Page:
Different molecular components can demix from each other leading to the formation of droplets. This so-called phase separation belongs to the class of phase transitions and can be observed in many forms in everyday life, for example when oil is added to water. In cells, phase separated droplets have been shown to be involved in the regulation of many biochemical processes but also disease related pathways. Moreover, during embryonic development droplets are positioned by different concentration levels of a regulator protein that are capable to regulate phase separation. Recent studies had shown that the positioning occurs via a process where droplets grow faster close to one boundary while dissolving at the other. However, it remained unknown whether the position to one or the other boundary occurs smoothly or if an abrupt mechanism underlies the positioning.
The team of biophysicists Samuel Krüger, Jens-Uwe Sommer, Frank Jülicher and Christoph Weber, group leader at the CSBD and the MPI for the Physics of Complex Systems (MPI-PKS), have now developed a general biophysical model that provides the underlying mechanism for the positioning of such droplets in complex mixtures. Christoph and his colleagues at the MPI-PKS, and the Leibniz Institute for Polymer Research have found that changing the interactions between the regulator protein and the droplet material affects the position of the droplets like a switch: they switch from a position in the region of large regulator concentration to the region of low regulator concentration, and back.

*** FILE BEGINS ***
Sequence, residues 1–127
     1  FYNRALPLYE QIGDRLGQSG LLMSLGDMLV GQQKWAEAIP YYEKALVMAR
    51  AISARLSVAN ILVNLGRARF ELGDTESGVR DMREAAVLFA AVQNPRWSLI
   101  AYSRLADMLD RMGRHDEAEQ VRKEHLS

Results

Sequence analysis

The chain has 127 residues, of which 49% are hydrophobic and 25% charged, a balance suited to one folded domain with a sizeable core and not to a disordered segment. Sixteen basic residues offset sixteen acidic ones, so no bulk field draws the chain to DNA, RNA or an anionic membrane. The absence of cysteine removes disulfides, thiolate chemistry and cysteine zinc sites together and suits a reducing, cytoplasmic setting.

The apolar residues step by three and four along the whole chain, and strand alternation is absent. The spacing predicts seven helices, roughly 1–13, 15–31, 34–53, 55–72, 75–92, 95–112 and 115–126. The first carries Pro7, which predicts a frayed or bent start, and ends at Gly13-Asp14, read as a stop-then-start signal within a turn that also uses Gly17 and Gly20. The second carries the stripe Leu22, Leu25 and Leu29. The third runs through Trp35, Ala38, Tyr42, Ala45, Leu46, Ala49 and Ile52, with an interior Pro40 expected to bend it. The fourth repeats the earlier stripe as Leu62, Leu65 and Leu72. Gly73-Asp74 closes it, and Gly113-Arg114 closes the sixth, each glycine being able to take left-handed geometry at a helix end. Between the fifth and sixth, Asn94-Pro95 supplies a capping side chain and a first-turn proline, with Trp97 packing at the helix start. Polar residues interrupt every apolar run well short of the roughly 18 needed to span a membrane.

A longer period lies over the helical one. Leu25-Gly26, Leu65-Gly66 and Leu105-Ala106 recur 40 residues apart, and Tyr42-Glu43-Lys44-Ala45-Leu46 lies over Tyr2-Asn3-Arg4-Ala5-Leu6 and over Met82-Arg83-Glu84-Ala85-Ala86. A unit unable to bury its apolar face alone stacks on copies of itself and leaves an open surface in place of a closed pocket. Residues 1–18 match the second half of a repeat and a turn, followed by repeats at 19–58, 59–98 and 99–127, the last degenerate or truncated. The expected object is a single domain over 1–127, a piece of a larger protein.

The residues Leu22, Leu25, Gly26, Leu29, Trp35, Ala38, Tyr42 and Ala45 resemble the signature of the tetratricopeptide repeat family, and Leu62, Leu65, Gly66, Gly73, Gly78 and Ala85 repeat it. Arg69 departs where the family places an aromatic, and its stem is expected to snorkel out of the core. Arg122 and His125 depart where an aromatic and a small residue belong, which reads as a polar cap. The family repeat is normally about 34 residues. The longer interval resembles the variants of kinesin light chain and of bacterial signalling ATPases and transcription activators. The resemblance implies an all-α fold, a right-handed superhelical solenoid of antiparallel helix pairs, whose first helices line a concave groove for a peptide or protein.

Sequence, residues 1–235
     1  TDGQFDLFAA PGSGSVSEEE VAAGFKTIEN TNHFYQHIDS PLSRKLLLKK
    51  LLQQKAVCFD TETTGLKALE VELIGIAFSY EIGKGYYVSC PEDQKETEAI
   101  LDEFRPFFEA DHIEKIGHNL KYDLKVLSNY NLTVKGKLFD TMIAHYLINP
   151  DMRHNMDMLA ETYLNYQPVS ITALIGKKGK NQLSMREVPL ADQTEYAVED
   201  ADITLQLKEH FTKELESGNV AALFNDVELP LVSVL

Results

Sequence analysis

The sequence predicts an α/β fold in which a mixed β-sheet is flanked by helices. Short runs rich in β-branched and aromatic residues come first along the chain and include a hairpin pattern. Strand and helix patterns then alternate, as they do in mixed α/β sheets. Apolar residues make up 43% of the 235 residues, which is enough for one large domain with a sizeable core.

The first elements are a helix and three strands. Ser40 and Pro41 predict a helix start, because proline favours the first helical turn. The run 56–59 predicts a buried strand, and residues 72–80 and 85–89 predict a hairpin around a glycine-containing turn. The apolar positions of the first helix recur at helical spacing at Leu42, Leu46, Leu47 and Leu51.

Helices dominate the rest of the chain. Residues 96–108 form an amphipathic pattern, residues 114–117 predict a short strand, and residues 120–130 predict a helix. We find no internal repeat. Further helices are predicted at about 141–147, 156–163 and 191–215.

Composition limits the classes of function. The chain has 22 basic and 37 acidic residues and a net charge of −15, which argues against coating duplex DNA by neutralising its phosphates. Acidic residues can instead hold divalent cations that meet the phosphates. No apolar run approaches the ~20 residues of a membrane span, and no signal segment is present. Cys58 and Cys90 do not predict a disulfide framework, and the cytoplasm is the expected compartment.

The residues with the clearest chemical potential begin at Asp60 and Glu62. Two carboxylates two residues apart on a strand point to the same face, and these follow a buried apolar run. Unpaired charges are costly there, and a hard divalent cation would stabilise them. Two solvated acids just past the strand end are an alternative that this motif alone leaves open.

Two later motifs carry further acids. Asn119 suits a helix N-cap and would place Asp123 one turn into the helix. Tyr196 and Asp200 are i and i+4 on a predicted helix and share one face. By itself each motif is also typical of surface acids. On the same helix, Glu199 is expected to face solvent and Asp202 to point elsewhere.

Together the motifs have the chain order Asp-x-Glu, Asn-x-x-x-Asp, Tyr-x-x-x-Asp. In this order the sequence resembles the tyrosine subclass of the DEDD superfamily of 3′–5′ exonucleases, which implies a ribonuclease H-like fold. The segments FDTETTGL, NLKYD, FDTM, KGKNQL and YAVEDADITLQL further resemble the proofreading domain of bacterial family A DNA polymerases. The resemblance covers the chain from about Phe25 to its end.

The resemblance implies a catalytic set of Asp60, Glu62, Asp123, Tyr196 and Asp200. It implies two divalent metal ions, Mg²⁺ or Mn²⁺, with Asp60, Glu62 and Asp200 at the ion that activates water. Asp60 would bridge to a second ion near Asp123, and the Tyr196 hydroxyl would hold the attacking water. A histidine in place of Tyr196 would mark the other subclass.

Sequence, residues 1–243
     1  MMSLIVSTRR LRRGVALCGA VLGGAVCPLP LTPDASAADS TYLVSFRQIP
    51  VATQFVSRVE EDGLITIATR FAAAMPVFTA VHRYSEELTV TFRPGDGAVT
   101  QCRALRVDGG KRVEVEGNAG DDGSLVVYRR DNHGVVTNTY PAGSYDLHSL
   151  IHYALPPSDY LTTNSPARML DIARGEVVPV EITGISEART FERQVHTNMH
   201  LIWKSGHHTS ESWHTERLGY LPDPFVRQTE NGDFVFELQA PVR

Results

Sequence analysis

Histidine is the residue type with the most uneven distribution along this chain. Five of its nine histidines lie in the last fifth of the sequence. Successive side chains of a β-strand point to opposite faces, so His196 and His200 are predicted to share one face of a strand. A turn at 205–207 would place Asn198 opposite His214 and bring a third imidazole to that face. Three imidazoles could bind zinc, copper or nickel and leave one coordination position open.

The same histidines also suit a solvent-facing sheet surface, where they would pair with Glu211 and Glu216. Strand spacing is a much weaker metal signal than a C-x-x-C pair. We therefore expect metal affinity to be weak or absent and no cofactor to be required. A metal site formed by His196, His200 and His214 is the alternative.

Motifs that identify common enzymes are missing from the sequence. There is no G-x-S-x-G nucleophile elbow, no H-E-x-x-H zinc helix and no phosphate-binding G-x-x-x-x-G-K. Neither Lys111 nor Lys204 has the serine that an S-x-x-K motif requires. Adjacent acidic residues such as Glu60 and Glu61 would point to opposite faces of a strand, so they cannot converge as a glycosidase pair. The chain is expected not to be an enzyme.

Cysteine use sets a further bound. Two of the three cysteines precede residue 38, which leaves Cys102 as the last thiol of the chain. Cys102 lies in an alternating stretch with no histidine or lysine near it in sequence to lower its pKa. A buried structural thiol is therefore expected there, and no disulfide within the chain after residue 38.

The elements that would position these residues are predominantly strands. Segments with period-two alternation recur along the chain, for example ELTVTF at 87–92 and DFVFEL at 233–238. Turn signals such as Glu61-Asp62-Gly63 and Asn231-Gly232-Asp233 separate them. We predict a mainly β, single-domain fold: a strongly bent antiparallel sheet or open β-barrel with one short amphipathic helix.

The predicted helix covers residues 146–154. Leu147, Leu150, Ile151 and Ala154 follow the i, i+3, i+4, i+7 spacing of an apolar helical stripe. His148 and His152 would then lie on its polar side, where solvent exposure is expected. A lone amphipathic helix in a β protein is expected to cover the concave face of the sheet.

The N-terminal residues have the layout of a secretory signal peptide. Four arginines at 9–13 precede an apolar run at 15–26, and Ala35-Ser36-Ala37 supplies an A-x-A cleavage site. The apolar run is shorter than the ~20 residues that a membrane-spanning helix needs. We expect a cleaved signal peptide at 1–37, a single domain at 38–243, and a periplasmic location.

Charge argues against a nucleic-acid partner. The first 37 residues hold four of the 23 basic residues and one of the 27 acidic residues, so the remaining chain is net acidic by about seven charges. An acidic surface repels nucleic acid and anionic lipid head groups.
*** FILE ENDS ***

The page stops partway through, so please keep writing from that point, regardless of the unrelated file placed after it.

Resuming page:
This switching of position represents a novel discontinuous phase transition, which was discovered by the scientists for the first time and now published in the New Journal of Physics. At such a discontinuous phase transition the properties of the system jump at a certain value of the parameters (e.g. interaction parameters).
Understanding the mechanism of the positioning of phases may open the possibility of applications in microfluidic systems, such as lab-on-chip devices. For example, in these systems, positioned components could be used to seal and open junctions at specific locations, or simply position chemicals that partition into the droplets.
“It is always exciting when a complex process such as the positioning of protein droplets in cells stimulates theory to find new physics, which could even be applied to other fields of science. This is one of the reasons why I enjoy working so much in this interdisciplinary environment!”, Christoph says.
Congratulations to everyone involved!
Samuel Krüger, Christoph A. Weber, Jens-Uwe Sommer and Frank Jülicher: Discontinuous switching of position of two coexisting phases, New Journal of Physics, Volume 20, Published 27 July 2018